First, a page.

Just before Christmas, the UK Chancellor was widely ridiculed for saying that people who'd built up savings during the pandemic should help the economy by going on a spending spree when it ends. This week, the govenor of the Bank of England joined in Looking at the numbers, I can see where they're coming from.
Don't get me wrong, I share the outrage that filled my newsfeed in response to this story. How out of touch do you have to be not to realise that most people have been really struggling? Rent payments didn't go down during lockdown, and neither did utility bills. Even those on the furlough scheme saw a pay cut of 20% while many of the self employed, myself included, didn't qualify for any government support at all. So what was the chancellor thinking, talking about savings building up?
In fact, the quarterly report of the state of the nation's finances does show a big increase in savings. It's really striking; there's never been anything like it before.
Clearly, a lot of money has been going into savings accounts. One could be forgiven for thinking that everyone's sitting at home, squirrelling away all that spare income that they can't spend on going out. One, perhaps, but not the Chancellor of the Exchequor, who really should know better than to treat a single figure as representing all of the people.
This brings me back to the question I asked in the title: Who has been saving? A briefing paper filed in the House of Commons library on 13th January gives a bit more detail.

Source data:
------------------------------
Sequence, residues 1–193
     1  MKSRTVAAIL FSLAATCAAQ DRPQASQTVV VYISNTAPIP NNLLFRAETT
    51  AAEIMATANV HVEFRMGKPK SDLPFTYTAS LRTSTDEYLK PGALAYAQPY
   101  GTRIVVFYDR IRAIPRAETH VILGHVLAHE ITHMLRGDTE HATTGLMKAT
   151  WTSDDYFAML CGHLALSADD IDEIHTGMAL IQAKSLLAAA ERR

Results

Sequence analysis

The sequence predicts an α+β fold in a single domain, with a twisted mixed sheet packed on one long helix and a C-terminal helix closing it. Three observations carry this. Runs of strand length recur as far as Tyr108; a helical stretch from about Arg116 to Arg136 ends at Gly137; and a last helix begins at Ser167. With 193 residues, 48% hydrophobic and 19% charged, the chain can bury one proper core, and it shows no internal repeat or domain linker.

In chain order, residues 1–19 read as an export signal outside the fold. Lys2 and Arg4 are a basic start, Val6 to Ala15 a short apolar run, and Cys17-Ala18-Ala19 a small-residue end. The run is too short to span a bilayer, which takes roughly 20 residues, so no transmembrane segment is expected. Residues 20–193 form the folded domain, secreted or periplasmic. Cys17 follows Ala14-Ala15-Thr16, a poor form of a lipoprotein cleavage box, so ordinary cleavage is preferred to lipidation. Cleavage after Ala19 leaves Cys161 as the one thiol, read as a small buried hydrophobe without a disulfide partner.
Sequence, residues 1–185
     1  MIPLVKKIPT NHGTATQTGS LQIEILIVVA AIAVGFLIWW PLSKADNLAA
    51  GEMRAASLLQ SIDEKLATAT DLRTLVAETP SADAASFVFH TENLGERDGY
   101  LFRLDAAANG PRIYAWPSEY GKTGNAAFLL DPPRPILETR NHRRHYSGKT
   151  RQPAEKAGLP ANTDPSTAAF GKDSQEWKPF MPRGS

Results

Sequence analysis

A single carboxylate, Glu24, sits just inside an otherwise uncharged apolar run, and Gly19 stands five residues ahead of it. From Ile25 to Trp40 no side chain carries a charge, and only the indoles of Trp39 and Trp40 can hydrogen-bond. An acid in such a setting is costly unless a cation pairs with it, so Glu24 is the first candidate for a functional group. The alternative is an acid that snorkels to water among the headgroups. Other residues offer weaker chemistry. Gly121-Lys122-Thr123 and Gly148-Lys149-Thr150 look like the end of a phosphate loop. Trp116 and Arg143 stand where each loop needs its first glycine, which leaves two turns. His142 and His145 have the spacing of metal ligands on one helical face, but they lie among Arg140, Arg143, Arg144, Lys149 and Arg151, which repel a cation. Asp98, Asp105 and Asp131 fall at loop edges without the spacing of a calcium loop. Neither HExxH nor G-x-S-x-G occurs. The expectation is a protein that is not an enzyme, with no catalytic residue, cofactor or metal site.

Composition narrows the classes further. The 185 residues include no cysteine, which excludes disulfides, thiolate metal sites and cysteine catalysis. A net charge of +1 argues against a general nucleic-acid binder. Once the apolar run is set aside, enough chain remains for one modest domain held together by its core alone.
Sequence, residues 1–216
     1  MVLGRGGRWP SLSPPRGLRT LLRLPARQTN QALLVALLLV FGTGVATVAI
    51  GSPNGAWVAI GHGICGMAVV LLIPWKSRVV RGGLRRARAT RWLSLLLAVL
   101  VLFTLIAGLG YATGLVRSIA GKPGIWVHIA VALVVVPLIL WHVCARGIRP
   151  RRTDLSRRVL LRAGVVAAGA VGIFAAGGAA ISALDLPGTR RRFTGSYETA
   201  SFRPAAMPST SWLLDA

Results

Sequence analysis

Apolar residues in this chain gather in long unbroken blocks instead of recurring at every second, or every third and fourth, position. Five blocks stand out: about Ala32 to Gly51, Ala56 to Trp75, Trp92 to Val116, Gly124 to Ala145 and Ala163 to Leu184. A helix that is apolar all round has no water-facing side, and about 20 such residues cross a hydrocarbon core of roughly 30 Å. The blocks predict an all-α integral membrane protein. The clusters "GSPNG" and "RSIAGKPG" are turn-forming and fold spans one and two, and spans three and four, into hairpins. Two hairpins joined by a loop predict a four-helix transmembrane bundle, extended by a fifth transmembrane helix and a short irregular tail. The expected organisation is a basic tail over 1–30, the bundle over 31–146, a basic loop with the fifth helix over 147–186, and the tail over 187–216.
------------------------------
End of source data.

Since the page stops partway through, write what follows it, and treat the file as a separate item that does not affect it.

This divides the population into five equal-sized groups based on their incomes. It's clear that the poorest 20% of the population haven't been saving at all, they've been using up any savings they had. It's the second-richest group who've been stashing money away. The briefing paper is coy about what the actual incomes are for those five groups, but it's possible to look this up; the poorest 20% are those earning up £16,900 a year, and the second-richest group earn between £31,000 and £42,400 a year. It's interesting that the richest group haven't increased their savings - presumably they've found other things to spend their money on.
Two general points emerge from this story. One is the danger - for ministers as much as for Joe Bloggs on facebook - of responding to the headline without checking the details. The other is the way coronavirus has highlighted and reinforced the inequalities in our society. I will leave you with this succinct expression of the situation, by the writer Damian Barr.
Storm illustration by Barbara Kelley